Susan Choi has a new book coming out this month that has gotten a lot of buzz, so I thought I’d highlight her other books. While I never had her as a professor, some of my classmates did and enjoyed her fiction writing workshops, so maybe it’s time for me to commit to reading some of her work!
In an American suburb in the early 1980s, students at a highly competitive performing arts high school struggle and thrive in a rarified bubble, ambitiously pursuing music, movement, Shakespeare, and, particularly, their acting classes. When within this striving “Brotherhood of the Arts,” two freshmen, David and Sarah, fall headlong into love, their passion does not go unnoticed―or untoyed with―by anyone, especially not by their charismatic acting teacher, Mr. Kingsley.The outside world of family life and economic status, of academic pressure and of their future adult lives, fails to penetrate this school’s walls―until it does, in a shocking spiral of events that catapults the action forward in time and flips the premise upside-down. What the reader believes to have happened to David and Sarah and their friends is not entirely true―though it’s not false, either. It takes until the book’s stunning coda for the final piece of the puzzle to fall into place―revealing truths that will resonate long after the final sentence.
Regina Gottlieb had been warned about Professor Nicholas Brodeur long before arriving as a graduate student at his prestigious university high on a pastoral hill. He’s said to lie in the dark in his office while undergraduate women read couplets to him. He’s condemned on the walls of the women’s restroom, and enjoys films by Roman Polanski. But no one has warned Regina about his exceptional physical beauty—or his charismatic, volatile wife.My Education is the story of Regina’s mistakes, which only begin in the bedroom, and end—if they do—fifteen years in the future and thousands of miles away. By turns erotic and completely catastrophic, Regina’s misadventures demonstrate what can happen when the chasm between desire and duty is too wide to bridge.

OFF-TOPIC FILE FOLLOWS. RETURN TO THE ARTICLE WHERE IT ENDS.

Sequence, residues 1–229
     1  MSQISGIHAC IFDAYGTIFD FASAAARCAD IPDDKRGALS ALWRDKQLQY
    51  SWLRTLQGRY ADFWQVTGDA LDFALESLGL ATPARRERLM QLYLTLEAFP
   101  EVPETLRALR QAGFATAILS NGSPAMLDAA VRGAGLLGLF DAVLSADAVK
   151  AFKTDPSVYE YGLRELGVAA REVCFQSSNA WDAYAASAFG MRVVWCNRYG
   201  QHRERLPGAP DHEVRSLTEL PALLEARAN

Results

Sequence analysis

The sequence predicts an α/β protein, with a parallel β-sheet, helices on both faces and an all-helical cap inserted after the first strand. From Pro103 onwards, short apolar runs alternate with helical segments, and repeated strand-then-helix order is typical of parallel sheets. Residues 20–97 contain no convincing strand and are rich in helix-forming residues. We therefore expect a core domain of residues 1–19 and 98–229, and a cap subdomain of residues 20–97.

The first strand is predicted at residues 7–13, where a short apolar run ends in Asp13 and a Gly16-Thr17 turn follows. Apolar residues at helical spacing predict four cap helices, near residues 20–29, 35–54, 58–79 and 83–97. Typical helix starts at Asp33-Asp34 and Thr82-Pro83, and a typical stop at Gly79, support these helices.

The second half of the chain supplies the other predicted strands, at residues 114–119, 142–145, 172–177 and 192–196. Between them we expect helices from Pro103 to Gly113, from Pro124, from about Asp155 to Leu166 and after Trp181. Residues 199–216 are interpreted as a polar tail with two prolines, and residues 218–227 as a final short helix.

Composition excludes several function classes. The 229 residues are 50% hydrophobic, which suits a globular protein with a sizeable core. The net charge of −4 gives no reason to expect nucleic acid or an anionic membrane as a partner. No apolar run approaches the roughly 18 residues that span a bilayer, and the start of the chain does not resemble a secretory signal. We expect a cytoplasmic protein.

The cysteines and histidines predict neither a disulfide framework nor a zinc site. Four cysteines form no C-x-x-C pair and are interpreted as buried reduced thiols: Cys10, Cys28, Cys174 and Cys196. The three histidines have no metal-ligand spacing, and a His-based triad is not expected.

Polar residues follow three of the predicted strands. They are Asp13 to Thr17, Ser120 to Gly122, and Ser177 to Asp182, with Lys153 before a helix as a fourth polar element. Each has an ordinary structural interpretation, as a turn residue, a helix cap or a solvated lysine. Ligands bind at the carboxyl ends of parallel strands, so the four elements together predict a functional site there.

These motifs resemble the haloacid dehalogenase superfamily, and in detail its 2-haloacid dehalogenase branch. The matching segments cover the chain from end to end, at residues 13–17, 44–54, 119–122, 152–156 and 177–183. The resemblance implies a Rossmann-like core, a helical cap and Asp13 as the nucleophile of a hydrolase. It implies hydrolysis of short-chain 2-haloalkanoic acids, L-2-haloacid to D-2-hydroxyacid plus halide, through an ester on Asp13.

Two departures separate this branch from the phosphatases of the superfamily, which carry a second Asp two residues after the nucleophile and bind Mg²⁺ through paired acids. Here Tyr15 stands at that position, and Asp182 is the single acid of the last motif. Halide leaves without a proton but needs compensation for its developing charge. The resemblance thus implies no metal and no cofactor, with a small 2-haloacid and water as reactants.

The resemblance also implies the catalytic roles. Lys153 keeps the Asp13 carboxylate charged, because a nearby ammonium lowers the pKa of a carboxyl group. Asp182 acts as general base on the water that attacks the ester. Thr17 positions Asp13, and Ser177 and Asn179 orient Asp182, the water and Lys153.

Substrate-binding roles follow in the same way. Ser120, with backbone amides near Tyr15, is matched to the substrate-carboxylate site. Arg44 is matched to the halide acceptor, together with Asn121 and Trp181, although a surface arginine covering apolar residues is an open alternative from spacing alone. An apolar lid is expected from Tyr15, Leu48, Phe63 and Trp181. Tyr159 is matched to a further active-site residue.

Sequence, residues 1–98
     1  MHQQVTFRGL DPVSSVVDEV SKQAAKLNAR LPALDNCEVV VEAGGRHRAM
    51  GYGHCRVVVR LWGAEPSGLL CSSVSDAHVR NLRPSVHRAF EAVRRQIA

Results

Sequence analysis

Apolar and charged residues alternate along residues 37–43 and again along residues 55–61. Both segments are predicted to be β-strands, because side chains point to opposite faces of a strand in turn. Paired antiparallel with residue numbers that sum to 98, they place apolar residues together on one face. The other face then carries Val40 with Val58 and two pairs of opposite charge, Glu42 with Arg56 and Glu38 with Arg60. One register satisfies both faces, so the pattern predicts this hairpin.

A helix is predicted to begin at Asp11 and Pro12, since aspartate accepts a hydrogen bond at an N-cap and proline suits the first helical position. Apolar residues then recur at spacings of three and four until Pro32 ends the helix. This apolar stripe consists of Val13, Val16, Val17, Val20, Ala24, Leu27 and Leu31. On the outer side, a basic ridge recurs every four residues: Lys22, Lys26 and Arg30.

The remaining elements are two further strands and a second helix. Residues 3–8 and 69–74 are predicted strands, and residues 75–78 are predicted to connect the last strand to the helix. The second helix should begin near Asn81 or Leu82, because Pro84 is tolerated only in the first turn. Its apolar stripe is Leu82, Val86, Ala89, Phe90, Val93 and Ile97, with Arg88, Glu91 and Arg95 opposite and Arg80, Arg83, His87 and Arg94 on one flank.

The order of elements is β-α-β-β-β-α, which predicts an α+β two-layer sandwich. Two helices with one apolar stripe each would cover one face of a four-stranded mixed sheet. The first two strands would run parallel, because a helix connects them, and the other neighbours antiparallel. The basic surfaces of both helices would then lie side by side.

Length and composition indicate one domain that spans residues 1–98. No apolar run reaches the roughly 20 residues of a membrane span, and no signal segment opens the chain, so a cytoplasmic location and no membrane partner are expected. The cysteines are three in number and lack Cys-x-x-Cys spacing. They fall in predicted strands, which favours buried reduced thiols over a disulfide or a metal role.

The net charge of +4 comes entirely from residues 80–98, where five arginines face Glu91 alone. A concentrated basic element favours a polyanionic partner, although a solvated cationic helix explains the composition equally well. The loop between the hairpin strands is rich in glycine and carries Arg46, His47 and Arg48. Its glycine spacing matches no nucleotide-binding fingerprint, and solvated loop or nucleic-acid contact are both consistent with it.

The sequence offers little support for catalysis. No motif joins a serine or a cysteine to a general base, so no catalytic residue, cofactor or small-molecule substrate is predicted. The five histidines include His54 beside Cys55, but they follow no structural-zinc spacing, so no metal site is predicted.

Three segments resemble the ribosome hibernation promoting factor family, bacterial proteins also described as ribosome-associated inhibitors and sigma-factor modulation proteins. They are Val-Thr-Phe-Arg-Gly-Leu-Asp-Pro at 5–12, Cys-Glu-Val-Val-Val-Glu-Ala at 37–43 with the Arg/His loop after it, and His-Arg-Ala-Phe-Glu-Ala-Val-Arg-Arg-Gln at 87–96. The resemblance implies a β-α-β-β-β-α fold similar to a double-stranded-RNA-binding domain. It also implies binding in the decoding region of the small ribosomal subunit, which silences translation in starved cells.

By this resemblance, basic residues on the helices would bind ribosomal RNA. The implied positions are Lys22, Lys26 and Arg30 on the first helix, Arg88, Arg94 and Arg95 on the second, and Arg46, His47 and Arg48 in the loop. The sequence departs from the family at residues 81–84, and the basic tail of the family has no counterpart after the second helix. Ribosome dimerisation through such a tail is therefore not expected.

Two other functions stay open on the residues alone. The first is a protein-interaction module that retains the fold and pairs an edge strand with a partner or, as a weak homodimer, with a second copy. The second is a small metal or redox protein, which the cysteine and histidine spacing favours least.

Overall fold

On the lam for an act of violence against the American government, 25-year-old Jenny Shimada agrees to care for three younger fugitives whom a shadowy figure from her former radical life has spirited out of California. One of them, the kidnapped granddaughter of a wealthy newspaper magnate in San Francisco, has become a national celebrity for embracing her captors’ ideology and joining their revolutionary cell.
Highly acclaimed by critics, The Foreign Student is the story of a young Korean man, scarred by war, and the deeply troubled daughter of a wealthy Southern American family. In 1955, a new student arrives at a small college in the Tennessee mountains. Chuck is shy, speaks English haltingly, and on the subject of his earlier life in Korea he will not speak at all. Then he meets Katherine, a beautiful and solitary young woman who, like Chuck, is haunted by some dark episode in her past. Without quite knowing why, these two outsiders are drawn together, each sensing in the other the possibility of salvation. Moving between the American South and South Korea, between an adolescent girl’s sexual awakening and a young man’s nightmarish memories of war, The Foreign Student is a powerful and emotionally gripping work of fiction.
With its propulsive drive, vividly realized characters, and profound observations about soul and society, Pulitzer Prize-finalist Susan Choi’s latest novel is as thrilling as it is lyrical, and confirms her place as one of the most important novelists chronicling the American experience. Intricately plotted and psychologically acute, A Person of Interest exposes the fault lines of paranoia and dread that have fractured American life and asks how far one man must go to escape his regrets. Professor Lee, an Asian-born mathematician near retirement age would seem the last person to attract the attention of FBI agents. Yet after a colleague becomes the latest victim of a serial bomber, Lee must endure the undermining power of suspicion and face the ghosts of his past.